Uniswap on the Celo platform will:

  • Allow for the launch of green asset liquidity pools: With the launch of the Climate Collective, Celo community members proposed to allocate up to 40% of the reserve over time towards natural capital backed assets. A natural capital backed asset (also known as “green” or “regenerative finance” asset) is a tokenized representation of natural assets in the “real” world. An example of a green asset is a non-fungible carbon-negative initiative quantified in terms of fungible CO2 sequestered (e.g. tokenized carbon credits).
  • Advance the use of natural capital backed currencies: The Celo Reserve grows as demand for Celo stable currencies grows. And as the reserve grows, so does the allocation towards green assets. This creates a feedback mechanism: with increased adoption of Celo stable currencies the reserve programmatically generates demand for additional green assets, preserving rainforests, and other carbon-sequestering assets.
  • Use Uniswap as a decentralized mechanism to rebalance the reserve: The Celo reserve will not only need to rebalance its BTC, ETH, etc. holdings but also a variety of natural capital backed assets, such as tokenized land, forests, and carbon credits. If approved by Celo’s community governance, a 40% allocation at current reserve values would correspond to natural capital assets worth 200M USD held by the reserve alone, requiring an efficient and liquid trading counterpart. Currently, the reserve rebalances via centralized exchanges. Green assets are not held by centralized exchanges, and so a decentralized exchange is needed in order to rebalance the Celo reserve as demand for stable currencies increases.
  • Increase capital efficiency: Uniswap v3’s concentrated liquidity mechanism will be especially important for Celo’s stablecoins that trade within a small price range.
  • Create pathways for future green use cases: Market participants are actively exploring other use cases on Celo. A list of current projects is available on https://climatecollective.org/.

The Celo Foundation will commit $10M of CELO in Uniswap-specific user incentives & grants on Celo. The Celo Foundation has successfully delivered committed rewards in the past (e.g. Sushi) and intends to do so in this instance as well. As a good faith deposit, approximately one-third of the $10M of financial incentives to Uniswap users for green asset pools will be placed in a multisig with the Celo Foundation and 2-4 key members of the Uniswap community, including both individuals and institutions. The $10M of financial incentives to Uniswap users for green asset pools will be placed in a multisig with the Celo Foundation and 2-4 key and active members of the Uniswap community including both individuals and institutions. In addition to the $10M in financial incentives for Uniswap specifically, the Celo Foundation will also focus on broader adoption of natural capital backed currencies and link this to ongoing efforts to making DeFi and crypto more accessible to the 6B smartphone users around the world through the following:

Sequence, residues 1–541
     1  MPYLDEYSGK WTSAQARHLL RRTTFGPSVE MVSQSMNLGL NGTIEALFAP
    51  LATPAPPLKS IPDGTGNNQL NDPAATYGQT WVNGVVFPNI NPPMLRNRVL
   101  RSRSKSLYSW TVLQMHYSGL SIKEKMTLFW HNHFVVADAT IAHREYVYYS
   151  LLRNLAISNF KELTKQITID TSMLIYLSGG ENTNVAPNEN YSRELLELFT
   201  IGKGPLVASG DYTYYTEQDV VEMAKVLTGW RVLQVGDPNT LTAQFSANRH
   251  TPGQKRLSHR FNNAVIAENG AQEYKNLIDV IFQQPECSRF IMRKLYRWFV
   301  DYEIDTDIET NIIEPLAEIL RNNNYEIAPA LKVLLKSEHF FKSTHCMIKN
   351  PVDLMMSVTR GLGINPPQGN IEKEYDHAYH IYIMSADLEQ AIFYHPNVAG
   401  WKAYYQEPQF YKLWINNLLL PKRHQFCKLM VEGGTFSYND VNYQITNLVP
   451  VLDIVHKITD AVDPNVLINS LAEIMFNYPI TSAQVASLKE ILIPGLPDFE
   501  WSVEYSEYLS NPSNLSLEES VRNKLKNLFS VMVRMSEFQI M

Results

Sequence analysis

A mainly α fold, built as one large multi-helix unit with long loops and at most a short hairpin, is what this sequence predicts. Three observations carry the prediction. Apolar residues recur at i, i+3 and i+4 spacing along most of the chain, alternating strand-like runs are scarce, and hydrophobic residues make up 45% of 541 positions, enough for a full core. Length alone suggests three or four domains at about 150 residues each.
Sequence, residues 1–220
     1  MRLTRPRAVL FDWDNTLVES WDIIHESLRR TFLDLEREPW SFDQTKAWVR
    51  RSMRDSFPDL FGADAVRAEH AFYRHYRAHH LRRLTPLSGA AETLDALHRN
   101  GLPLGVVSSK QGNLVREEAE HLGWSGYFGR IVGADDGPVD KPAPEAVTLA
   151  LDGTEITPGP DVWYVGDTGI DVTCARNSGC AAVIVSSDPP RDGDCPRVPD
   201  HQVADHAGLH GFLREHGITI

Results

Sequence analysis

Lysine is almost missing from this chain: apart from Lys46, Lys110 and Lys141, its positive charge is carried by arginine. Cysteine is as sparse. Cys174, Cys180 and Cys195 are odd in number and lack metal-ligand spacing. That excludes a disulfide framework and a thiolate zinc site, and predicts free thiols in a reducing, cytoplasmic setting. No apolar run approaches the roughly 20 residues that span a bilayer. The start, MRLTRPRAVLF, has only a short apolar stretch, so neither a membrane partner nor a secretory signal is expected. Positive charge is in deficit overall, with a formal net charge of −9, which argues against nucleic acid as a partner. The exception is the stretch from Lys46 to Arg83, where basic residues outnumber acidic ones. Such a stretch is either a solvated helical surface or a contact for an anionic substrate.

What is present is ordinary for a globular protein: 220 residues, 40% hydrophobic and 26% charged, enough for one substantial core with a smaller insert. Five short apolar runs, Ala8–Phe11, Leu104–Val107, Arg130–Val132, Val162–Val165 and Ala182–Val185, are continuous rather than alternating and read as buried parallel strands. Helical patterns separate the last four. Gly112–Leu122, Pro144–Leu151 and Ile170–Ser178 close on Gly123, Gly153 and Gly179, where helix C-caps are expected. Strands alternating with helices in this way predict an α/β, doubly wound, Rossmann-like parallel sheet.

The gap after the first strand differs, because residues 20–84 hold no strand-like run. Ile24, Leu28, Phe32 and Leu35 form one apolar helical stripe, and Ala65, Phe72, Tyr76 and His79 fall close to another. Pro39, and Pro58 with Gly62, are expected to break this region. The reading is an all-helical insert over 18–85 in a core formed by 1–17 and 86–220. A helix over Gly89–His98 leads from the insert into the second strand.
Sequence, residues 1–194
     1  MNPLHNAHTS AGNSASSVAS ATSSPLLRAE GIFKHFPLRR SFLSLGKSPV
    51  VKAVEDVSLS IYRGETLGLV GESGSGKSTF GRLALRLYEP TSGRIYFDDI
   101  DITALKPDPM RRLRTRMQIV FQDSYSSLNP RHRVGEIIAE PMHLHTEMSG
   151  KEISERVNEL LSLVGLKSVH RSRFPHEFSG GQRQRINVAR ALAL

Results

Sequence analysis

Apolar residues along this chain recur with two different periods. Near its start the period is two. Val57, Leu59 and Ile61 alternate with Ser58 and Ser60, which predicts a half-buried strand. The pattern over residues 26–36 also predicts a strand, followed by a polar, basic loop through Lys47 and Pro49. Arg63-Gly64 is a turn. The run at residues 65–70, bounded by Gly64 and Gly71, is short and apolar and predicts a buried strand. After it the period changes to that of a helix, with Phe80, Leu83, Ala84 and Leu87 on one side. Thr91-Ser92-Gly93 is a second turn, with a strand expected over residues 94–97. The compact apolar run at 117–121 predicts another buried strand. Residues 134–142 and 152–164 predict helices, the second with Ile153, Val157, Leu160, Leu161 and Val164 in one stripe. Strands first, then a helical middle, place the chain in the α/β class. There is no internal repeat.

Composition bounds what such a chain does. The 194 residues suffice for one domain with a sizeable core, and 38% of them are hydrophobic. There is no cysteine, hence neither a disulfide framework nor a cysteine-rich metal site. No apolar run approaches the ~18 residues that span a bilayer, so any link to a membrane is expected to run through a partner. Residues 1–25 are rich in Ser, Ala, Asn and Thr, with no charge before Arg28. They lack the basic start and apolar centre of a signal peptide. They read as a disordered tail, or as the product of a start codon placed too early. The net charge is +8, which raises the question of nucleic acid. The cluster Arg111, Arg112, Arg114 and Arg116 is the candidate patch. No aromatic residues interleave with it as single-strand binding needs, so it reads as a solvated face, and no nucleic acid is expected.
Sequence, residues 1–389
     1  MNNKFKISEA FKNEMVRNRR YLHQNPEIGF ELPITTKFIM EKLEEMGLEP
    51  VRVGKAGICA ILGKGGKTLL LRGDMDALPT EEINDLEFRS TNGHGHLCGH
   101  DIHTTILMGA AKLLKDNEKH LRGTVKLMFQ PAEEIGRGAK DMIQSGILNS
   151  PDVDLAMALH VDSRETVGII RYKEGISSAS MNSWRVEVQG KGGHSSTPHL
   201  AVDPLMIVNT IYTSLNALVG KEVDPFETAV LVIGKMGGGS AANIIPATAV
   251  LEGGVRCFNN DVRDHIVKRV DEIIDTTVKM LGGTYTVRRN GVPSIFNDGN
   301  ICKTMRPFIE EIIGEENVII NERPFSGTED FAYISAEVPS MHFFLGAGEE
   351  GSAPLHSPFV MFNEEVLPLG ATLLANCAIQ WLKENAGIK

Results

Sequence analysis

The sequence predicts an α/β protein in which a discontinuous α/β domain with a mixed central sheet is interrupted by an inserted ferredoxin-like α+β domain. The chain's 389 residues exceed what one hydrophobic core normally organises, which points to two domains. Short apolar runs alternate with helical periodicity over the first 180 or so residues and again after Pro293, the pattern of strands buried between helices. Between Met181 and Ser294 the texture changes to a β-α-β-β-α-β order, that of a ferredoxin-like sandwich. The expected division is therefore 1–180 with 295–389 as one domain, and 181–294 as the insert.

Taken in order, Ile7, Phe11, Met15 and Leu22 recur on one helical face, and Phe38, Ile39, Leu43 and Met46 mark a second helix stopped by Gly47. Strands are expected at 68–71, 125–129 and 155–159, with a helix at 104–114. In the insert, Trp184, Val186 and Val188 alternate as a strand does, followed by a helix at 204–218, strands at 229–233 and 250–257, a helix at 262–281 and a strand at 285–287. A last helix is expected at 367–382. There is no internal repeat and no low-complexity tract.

• Promote the development of a mobile-first ecosystem through developer programs such as hackathons with Uniswap as a financial building block

  • Lead pilots and users research to help make Uniswap more accessible, especially in markets that lack access to basic financial tools and services.

  • Co-grant program to support projects that are launching and driving the growth of “green assets”

Uniswap V3 will be deployed on Celo by cLabs through the “Deploy Uniswap V3 Script.” contingent upon approval by the Uniswap community via an Additional Use Grant (license change enacted via the ENS domain uniswap.eth). Governance at deployment will be facilitated by the messaging bridge Optics.

We propose a transparent measurement of this project’s success through the following success criteria and long-term goals:

  • % of Celo Reserve allocated to green assets: 40% of the Celo Reserve (at current Celo Reserve levels this would correspond to $200M USD in green assets)
  • $ total TVL and TVL of associated green assets: 10x of Celo Reserve green asset holdings in circulation as LP
  • Impact of green assets in Celo Reserve: 17M tons of CO2 avoided or removed from the atmosphere (assuming an average price of $12 per ton and current Celo Reserve levels) , including all associated benefits (e.g. increase in biodiversity through protection of forests). This corresponds roughly to the annual absorption capacity of 1.7M hectares of forest area, or roughly the amount of forest area lost in Brazil in 2020.

Conclusion

Celo and Uniswap together can serve as the foundation for the proliferation of natural capital assets across Web3. We believe that the vision to advance climate and regenerative finance on Celo aligns with the Uniswap community. Thank you for your consideration and we welcome questions and suggestions.

Temperature check discussion
Temperature check snapshot

Consensus Check Snapshot

Vote by Saturday 3/19 8:30pm ET

4 Likes

This is Bryan Lehrer responding on behalf of Other Internet.